third theme


extinction by human actions

We explore how artists transform scientific documentation about early human-induced extinctions of species such as the dodo, the great auk, and the passenger pigeon, among others, into stirring portraits and still life paintings. Their artworks reflect meticulous research and observational analysis of specimens from natural history museum collections. By reviving past life in sometimes startling ways, artists imprint their memory on our consciousness and spark awareness about the contemporary extinction crisis.

Additional images related to this theme are available here.

How can you expect the birds to sing when the groves are cut down?


Life in the Woods, 1854

George Catlin; Buffalo Bull, Grazing on the Prairie, 1832–1833; Oil on canvas, 24 x 29 in. Courtesy of Smithsonian American Art Museum, Gift of Mrs. Joseph Harrison, Jr.

fourth theme


plants and animals on the edge of survival

We examine threatened ecosystems and the global decline of biodiversity. The artworks call attention to just a few of the 10,000 endangered and critically endangered species classified by the International Union for the Conservation of Nature. Artists heighten public awareness about the current condition of life and environmental distress through their artworks, and they offer a unique form of communication that taps into the core of human culture—beauty and emotion.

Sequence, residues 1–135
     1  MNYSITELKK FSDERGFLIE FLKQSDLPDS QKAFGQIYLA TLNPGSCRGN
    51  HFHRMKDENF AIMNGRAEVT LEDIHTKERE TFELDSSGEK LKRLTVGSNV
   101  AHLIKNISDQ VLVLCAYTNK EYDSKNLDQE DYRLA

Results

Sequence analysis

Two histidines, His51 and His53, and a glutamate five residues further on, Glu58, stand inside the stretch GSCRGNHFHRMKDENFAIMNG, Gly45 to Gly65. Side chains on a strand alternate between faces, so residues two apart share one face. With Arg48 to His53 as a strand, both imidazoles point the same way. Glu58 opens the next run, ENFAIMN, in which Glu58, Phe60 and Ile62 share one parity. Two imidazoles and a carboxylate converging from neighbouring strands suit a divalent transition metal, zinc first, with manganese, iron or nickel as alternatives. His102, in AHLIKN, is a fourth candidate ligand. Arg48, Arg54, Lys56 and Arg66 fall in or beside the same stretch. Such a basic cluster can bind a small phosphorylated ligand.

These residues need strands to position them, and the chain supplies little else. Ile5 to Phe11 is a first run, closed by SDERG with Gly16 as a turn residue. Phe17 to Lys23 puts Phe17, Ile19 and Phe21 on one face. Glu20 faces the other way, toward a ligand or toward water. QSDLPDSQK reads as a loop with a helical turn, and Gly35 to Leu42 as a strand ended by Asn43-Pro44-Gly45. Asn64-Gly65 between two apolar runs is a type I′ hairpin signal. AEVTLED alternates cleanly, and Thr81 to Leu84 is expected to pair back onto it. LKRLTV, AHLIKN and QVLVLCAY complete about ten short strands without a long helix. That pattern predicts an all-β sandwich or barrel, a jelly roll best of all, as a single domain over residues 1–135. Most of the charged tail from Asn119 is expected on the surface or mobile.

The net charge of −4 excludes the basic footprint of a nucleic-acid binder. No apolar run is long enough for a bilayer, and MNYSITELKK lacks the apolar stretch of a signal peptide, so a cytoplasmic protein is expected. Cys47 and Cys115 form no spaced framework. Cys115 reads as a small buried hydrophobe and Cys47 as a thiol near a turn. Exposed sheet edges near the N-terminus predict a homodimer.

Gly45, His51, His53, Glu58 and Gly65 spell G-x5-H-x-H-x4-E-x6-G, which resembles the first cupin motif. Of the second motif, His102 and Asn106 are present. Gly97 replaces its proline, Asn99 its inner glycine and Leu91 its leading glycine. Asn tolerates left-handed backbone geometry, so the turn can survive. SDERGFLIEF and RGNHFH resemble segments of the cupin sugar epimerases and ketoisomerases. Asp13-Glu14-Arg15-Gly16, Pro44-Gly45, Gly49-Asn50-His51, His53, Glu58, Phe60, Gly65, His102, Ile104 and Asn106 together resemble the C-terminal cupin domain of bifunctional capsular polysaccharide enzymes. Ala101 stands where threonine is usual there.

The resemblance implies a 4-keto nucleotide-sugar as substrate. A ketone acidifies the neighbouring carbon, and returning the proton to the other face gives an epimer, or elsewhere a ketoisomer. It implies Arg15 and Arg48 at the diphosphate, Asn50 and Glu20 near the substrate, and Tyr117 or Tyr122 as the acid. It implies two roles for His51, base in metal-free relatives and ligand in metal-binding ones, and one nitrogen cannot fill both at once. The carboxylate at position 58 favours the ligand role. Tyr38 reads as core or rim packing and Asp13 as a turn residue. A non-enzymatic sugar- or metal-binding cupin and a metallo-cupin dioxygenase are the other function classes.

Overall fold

Additional images related to this theme are available here.

Every seed is awakened and so has all animal life.
It is through this mysterious power that we too have our being, And we therefore yield to our neighbors, Even our animal neighbors, The same right as ourselves, to inhabit this land.

Attributed to SITTING BULL (Tȟatȟáŋka Íyotake), Hunkpapa Lakota

Underwater sculptures covered in coral
Jason deCaires Taylor; Museo Subacuático de Arte (MUSA), 2011; Video (photographic detail). Courtesy of the artist.

fifth theme


destruction or preservation of biodiversity

Contemporary artists not only portray animal and plant species at risk, they also interpret the human actions that lead to their precarious status: habitat loss, invasive species, pollution, population growth, and over-hunting and fishing. Artists are at the forefront of working with scientists, museums, policy makers, and citizens to envision new and creative strategies for enhancing life and restoring the essential bond between people and the natural world.

Additional images related to this theme are available here.

We stand now where two roads diverge. But unlike the roads in Robert Frost’s familiar poem, they are not equally fair. The road we have long been traveling is deceptively easy, a smooth superhighway on which we progress at great speed, but at its end lies disaster.

The other fork of the road, the one “less traveled by” offers our last, our only chance to reach a destination that assures the preservation of our earth. The choice, after all, is ours to make.


Silent Spring, 1962

Major funding for the exhibition and catalogue has been provided by the National Endowment for the Arts and The Norcliffe Foundation with additional support from the City of Bellingham,  Whatcom Museum Foundation and Advocates, Alexandre Gallery, and Heritage Bank. To find out more about how National Endowment for the Arts grants impact individuals and communities, visit www.arts.gov.